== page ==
While contact measurments and manual scanner are not well adapted to capture non-rigid and deformable objects like the face, structured-light and photogrammetry are potential good candidates for geometry capture.

Photogrammetry is based on the detection and registration of similar features in multiple DSLR images. External and internal calibration of the camera sensors enables to triangulate the associated position in space.

Such capture rigs are easy to set-up and progressively more affordable, thanks to the increasing availability of good-quality cameras. This approach enables to deal with a subject in different poses, since shooting is almost instantaneous.

But looking closer to it, the resulting scan is noisy and unstructured...

It took us some time to realize that such artefacts result from two fundamental causes, independent of the number and resolution of the cameras used:
  • Light scatering caused by specular and subsurface properties of the skin, surface fuzz, eyelashes which reflects and absorb lights depending on the direction so that epipolar features can not be identical in different camera views.
  • The difficulty to achieve a perfectly accurate geometric calibration of the cameras - which still remains an open problem for photogrammetry.
After years of technology survey and experimentations on this thematic, we finally decided to develop our own capture system. Our objective was to ensure the simultaneous acquisition of both detailed geometry and physically-based textures which characterize the precise appearance of any subject's pose.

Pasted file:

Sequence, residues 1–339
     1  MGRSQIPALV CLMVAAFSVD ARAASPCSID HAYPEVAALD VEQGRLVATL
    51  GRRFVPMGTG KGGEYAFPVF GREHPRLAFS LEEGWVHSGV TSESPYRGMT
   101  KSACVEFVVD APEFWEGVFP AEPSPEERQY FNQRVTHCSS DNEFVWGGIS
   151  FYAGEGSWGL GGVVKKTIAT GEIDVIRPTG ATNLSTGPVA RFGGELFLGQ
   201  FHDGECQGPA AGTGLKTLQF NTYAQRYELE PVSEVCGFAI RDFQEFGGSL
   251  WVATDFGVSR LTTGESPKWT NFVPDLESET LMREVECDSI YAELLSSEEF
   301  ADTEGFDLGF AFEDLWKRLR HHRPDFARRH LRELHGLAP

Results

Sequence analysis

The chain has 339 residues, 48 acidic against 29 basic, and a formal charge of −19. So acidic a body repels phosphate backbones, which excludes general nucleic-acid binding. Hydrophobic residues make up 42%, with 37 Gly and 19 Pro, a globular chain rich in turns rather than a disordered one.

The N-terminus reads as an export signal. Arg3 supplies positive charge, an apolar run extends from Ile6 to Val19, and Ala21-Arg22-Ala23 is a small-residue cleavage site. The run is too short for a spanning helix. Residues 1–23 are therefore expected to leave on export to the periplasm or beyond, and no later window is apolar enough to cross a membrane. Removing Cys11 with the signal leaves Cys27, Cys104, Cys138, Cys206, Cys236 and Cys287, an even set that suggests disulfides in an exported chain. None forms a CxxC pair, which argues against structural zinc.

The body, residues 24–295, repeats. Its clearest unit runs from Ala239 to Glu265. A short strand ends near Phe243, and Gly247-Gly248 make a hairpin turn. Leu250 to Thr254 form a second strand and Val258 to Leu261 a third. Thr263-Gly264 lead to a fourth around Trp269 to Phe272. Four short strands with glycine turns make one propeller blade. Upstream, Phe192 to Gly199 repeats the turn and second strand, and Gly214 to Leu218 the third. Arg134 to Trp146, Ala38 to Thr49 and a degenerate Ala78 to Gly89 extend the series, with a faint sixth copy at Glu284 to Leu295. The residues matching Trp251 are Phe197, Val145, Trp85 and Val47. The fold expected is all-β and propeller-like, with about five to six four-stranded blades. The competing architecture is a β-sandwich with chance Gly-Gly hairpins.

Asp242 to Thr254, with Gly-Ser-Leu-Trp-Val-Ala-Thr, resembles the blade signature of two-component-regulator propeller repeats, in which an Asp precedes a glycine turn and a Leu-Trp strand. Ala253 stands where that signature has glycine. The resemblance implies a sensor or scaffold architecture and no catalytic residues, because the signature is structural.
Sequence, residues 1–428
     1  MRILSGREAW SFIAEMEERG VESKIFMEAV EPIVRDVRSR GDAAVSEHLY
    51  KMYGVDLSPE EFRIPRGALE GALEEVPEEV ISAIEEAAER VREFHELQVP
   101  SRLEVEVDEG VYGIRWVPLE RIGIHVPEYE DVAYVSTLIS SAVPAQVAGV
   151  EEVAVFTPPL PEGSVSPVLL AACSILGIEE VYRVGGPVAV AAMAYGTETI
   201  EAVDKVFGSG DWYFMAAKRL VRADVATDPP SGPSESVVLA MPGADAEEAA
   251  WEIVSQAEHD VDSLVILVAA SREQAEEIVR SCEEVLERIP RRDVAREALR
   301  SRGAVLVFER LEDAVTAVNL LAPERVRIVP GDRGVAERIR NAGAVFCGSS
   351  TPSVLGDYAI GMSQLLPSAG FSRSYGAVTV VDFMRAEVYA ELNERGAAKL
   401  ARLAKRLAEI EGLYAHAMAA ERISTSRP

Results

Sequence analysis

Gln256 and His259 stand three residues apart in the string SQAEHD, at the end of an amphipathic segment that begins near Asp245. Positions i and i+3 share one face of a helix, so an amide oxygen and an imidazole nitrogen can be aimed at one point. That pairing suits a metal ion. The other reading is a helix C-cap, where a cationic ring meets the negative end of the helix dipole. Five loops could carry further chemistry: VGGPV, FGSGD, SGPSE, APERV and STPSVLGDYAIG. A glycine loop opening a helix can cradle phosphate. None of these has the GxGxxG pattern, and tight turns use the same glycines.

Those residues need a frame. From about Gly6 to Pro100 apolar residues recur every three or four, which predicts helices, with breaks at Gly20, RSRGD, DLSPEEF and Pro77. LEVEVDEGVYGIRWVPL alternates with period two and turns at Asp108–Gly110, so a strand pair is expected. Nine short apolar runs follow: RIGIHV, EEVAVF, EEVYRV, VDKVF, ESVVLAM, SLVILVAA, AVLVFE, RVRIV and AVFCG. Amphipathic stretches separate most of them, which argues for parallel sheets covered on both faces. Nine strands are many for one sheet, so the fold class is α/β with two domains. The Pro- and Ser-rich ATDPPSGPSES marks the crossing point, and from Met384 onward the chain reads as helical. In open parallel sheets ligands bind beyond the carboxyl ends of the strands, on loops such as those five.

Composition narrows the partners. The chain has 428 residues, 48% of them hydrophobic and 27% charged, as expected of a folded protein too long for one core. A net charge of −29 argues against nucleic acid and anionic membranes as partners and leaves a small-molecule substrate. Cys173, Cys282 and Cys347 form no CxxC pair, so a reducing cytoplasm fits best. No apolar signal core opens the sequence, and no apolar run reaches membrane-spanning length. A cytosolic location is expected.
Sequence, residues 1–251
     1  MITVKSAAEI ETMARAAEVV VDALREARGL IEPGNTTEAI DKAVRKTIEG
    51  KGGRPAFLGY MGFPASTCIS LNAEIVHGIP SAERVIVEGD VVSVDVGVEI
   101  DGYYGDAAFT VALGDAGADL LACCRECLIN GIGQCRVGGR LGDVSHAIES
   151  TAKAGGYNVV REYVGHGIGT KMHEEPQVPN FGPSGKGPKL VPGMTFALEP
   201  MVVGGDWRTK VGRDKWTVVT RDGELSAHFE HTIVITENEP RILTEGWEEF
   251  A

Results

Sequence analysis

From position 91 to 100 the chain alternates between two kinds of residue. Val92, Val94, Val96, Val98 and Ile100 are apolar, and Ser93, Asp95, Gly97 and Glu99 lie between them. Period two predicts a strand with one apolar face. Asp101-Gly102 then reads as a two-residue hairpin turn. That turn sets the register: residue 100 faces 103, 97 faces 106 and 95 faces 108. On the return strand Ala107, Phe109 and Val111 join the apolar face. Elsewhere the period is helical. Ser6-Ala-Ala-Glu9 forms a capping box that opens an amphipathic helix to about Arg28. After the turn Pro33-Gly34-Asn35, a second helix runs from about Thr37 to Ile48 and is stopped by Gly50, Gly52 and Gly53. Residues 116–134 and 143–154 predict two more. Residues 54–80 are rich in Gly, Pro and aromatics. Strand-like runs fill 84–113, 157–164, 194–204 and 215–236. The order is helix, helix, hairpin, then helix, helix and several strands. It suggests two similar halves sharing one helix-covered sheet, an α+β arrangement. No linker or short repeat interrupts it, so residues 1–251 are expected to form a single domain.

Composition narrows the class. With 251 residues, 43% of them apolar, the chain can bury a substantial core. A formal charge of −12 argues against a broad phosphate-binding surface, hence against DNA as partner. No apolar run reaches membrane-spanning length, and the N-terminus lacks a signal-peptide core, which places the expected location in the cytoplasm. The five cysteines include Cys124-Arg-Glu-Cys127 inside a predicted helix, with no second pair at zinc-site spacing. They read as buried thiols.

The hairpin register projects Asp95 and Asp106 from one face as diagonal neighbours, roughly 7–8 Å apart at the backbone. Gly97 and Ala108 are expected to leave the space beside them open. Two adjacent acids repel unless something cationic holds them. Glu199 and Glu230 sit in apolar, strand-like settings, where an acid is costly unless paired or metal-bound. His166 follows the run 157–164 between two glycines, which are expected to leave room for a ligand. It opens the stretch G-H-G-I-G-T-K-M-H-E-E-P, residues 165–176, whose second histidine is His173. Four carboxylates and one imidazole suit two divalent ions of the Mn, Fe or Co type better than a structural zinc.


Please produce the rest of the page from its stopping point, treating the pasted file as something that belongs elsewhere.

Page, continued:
To do so, we do not consider a direct acquisition, but analyze and dissociate the way in which the skin, the mouth, the eyes diffuse, reflect and absorb light under precisely calibrated illumination conditions.

Our capture system is made of 1.600 LED lights which permit us to control the intensity and direction of the lighting very accurately. Our high-frequency 'material cameras' enable us to separate the diffuse and specular components of the surfaces being recorded, and extract normal information for each RGB color channel, among other things.

The result of this analysis is a clean 3D geometric scan, resolution-independent down to 20 micrometers, complete with tiny details like wrinkles and pores, totally free from reflection and refracton side effects traditionnal in photogrammetry :)

I hope this post has helped you understand why we decided to build another capture system. In future Tech Fridays, we'll look at what makes Eisko unique both on the capture and reconstruction sides.


It's alive !

November 18, 2014

We have had the pleasure of collaborating with the dancer, choreographer and actress Tatiana Seguin. With her kind permission, we have been able to reconstruct her digital double.

This week Tatiana saw her digital double, animated in Unity. She was so taken with it that I started filming her reactions with one of our capture camera. It is always extremely impressive to discover your digital self on screen.

"It's alive!" she said :)

(Yes, there is a drawing of rosetta probe on the white board behind Tatiana)